Giving the 'green light' to GMO vested interests is 'anti-European'

Devolving the authorisation of genetically modified organisms to EU member states is 'a false solution', argues Bart Staes.

By Bart Staes

26 Feb 2015

The Greens/EFA group voted against the new scheme for the authorisation of genetically modified organisms in the European Union, as it de facto renationalises decision-making regarding the cultivation of genetically modified organisms (GMOs). 

Although we played our role as legislators and worked together with other political groups and the excellent rapporteur Frédérique Ries, while improving the proposed legislation of the commission, in the end we did not want to give the green light to the final text.

This legislation is turning the world upside down and is in fact anti-European. Would it make sense to renationalise migration policies? Or environmental issues, that are by definition cross-border issues? Of course it would not. Neither does it make sense when it comes to the cultivation of GMOs because of cross border contamination. 

For example, the research of US scientist Ignacio Chapela demonstrates that genetically modified (GM) crops can contaminate non-GM crops hundreds of kilometres away. Is this 'the freedom of choice' that the lobby organisation Europa Bio speaks of?

Whereas in many domains it would simply not be accepted to renationalise European policies, when it comes to GMOs other powers are at play. As with other agricultural dossiers, it is clear that the infamous American 'Monsanto lobby' played a role in the framework of the ongoing transatlantic trade and investment partnership negotiations. 

"Countries opposed to GMOs are given the carrot of being able to opt-out of authorisation, but the approved scheme fails to give them a legally-watertight basis for doing so"

Those who think I am exaggerating should read the report 'Biotech Ambassadors: Diplomacy or Marketing?' by the American nongovernmental organisation food and water watch. And of course we should not forget that the main European chemical companies clearly want to dominate agriculture and food production with their toxic mix of pesticides, patented coated seeds and GM technology.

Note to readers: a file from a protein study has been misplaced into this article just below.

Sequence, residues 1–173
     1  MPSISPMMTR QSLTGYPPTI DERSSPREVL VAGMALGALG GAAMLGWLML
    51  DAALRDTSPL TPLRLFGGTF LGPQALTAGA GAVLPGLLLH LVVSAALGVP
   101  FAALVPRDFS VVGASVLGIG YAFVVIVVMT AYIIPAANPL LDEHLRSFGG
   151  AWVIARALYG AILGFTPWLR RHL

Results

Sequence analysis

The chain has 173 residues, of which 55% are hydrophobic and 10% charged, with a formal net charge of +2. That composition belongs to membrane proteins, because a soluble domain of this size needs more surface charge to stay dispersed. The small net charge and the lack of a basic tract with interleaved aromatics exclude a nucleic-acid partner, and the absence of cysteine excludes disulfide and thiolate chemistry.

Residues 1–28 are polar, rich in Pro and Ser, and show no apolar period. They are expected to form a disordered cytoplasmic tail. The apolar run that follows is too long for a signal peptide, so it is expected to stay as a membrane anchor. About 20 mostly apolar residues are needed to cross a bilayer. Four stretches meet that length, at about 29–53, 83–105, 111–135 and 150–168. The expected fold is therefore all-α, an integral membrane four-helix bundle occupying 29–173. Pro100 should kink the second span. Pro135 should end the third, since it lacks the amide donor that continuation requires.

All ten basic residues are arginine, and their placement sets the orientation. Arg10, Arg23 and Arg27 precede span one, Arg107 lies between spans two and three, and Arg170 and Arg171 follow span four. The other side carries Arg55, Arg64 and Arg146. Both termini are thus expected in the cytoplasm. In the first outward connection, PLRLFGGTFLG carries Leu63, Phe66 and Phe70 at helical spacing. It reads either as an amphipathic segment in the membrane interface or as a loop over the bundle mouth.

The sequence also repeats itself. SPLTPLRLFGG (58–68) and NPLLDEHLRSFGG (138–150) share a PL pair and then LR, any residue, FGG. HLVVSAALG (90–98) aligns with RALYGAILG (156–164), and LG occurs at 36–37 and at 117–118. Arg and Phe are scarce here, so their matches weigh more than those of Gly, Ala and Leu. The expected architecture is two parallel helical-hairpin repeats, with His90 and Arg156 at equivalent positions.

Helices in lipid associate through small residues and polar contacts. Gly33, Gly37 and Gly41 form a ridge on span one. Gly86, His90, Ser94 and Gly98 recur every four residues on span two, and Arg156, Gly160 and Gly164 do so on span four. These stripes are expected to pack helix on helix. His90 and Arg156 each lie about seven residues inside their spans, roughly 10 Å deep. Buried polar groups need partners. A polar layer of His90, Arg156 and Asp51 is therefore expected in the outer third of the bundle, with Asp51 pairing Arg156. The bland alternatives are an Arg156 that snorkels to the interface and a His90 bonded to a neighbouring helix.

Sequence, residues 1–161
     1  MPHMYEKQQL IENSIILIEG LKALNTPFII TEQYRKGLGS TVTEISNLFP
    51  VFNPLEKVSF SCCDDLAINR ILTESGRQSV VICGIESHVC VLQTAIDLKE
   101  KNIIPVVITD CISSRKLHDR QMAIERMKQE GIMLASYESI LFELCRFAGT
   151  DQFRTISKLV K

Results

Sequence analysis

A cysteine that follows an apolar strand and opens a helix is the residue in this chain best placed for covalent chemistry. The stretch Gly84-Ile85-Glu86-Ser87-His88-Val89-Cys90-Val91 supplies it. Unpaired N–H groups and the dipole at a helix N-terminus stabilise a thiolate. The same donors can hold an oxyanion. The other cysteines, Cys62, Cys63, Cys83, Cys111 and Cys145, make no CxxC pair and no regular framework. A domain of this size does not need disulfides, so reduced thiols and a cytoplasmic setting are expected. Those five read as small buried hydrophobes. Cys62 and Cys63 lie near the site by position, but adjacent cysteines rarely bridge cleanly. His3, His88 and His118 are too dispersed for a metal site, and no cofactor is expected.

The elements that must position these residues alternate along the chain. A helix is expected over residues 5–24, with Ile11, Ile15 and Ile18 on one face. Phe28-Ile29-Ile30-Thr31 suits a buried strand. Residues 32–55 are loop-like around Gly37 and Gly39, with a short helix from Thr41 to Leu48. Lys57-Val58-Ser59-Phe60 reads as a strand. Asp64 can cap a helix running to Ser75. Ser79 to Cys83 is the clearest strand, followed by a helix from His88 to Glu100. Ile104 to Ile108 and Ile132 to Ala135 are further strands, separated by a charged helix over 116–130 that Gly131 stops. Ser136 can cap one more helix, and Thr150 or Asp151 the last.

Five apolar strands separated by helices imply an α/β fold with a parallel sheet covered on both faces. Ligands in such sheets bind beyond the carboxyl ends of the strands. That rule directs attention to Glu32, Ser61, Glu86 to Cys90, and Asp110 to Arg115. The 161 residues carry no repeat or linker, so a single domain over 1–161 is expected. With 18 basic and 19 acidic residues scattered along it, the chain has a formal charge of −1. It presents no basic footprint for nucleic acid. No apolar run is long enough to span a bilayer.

I am referring to huge billion euro companies like Bayer, Syngenta and BASF that also play their political cards, not hesitating to openly blackmail politicians and sue legislators. This can be seen in the ongoing battle on the banning of a destructive type of systemic pesticide called neonicotionoids.

It was a clever step by the previous commission and its health and consumers DG to propose this new legislation. I understand they were sick and tired of the fact that GMO decisions were being blocked in the council and being taken to court by large biotech companies.

Powerful companies are very annoyed that politicians stand in the way of the advancement of their sector and that - oh horror - European politicians dared to weigh other criteria and reasoning besides their largely secret scientific data.

The European precautionary principle allowed us to stand in the way of rolling out this biotech 'brave new world', in which these patented and poisonous products could conquer the world and lead us to a mono-cultural 'paradise'.

The new scheme is being propagated as 'freedom' for member states. I hope to be proven wrong, but I predict it will ease the way for GMOs in Europe, while failing to respond to the need to address the flawed EU procedure for authorising GMOs. We would certainly want the EU environmental risk assessment considerably improved and brought into line with the environment council conclusions of December 2008 and to see the inclusion of socioeconomic considerations in the EU authorisation process. 

Despite a majority of EU member states and citizens being consistently opposed to GMOs, the real purpose of this new scheme is to make it easier to wave through EU authorisation for GM crops. Countries opposed to GMOs are given the carrot of being able to opt-out of authorisation, but the approved scheme fails to give them a legally-watertight basis for doing so. This is a false solution.

There is definitely a need to reform the EU’s GMO authorisation process. We cannot persist with the current situation whereby authorisations proceed in spite of flawed risk assessments. There is consistent opposition from a majority of member states and, most importantly, a clear majority of EU citizens. 

However, the answer to this cannot be a trade-off of easier authorisations against easier national bans. This deal risks finally opening the door to GMOs being grown across Europe. We look to commission president Jean-Claude Juncker to deliver on his promise to ensure the EU authorisation process is reformed to reflect the consistent democratic opposition to GMOs in Europe.


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